For the effects of temperature management on the outcome of septic patients, we investigated the ICU stay and anti-infection therapy cost. After achieving a target temperature, the ICU stay in the high-temperature group was comparatively lower than that in the low-temperature group, together with the anti-infection therapy cost for the ICU hospitalization. Meanwhile, the 28-day survival rate in the high-temperature group was higher than that in the low-temperature group (81.3% versus 71.0%). Although no statistical differences were identified (), this indicated that septic patients in the high-temperature group showed better outcome and prognosis than those in the low-temperature group.

There are really some limitations in this study. Septic patients were included in separate ICUs from two different hospitals, which may trigger some differences for the procedures except for temperature management. No subgroup analysis was carried out in this study as the sample size was not large enough, which may affect the outcome to some extent. For the utilization of vasoactive agents, noradrenalin is the major agonist for the α receptor, but it may affect the cardiac β1 receptor. However, in this study, we do not analyze the effects of such agent on the heart rate and CO, which may cause differences in the results. For the analysis of 28-day survival rate, no statistical differences were noticed between the two groups which may be related to the small sample size, duration of temperature management, and disease severity.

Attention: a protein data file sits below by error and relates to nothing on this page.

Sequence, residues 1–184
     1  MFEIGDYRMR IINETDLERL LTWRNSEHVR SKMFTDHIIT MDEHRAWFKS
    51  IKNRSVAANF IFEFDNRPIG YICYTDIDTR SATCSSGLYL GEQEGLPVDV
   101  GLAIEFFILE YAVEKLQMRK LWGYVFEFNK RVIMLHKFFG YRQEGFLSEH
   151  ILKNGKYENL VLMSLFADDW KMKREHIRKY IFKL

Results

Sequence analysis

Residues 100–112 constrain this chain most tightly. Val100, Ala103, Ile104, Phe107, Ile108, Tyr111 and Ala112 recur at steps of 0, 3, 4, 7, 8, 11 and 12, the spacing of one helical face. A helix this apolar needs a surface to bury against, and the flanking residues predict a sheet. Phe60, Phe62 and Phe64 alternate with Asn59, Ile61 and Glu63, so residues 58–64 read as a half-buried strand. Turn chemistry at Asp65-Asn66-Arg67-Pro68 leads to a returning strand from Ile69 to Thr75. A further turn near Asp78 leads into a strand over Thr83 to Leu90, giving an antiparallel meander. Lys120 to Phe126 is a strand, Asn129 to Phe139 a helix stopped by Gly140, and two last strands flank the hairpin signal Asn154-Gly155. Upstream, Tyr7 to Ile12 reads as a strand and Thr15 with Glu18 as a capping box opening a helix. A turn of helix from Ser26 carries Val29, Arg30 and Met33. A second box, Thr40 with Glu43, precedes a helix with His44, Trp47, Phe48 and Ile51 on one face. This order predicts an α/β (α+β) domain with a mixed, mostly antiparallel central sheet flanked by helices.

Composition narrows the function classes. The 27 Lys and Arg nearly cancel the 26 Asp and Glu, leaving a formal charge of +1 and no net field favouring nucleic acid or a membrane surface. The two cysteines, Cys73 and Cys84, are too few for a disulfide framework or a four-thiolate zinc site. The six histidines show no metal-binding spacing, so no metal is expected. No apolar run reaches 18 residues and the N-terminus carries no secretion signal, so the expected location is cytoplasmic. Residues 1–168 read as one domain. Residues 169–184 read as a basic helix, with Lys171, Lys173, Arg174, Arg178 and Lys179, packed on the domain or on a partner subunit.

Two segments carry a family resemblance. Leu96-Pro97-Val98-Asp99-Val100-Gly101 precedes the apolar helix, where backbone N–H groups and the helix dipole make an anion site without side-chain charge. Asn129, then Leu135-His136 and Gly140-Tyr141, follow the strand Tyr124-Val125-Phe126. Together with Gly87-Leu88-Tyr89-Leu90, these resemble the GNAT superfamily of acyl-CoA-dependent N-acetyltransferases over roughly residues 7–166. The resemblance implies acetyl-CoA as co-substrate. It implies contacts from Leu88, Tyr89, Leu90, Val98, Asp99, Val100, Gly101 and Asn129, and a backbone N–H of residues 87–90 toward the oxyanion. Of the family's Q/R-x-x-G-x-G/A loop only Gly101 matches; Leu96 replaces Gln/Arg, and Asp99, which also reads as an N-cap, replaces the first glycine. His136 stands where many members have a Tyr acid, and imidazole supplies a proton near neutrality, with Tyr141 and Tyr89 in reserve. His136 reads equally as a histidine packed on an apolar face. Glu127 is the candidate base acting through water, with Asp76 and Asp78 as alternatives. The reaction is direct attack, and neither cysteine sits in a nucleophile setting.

5. Conclusions

Low temperature results in a low level of proinflammatory cytokines in septic patients with fever, and the quantity of lymphocyte subsets becomes high. Meanwhile, the ICU stay in the high-temperature group was comparatively lower than that in the low-temperature group, together with the anti-infection therapy cost for the hospitalization. Excessive temperature control may be harmful to septic patients.

Conflicts of Interest

The authors declare that there are no conflicts of interest regarding the publication of this paper.

Authors’ Contributions

Ye Gao and Jianjun Zhu equally contributed to this work.

Acknowledgments

This study was supported by the Youth Science and Technology Project in Science and Education of Suzhou City (no. KJXW2016059) and a grant from Suzhou Key Medicine Project Fund of China (no. SZXK201504).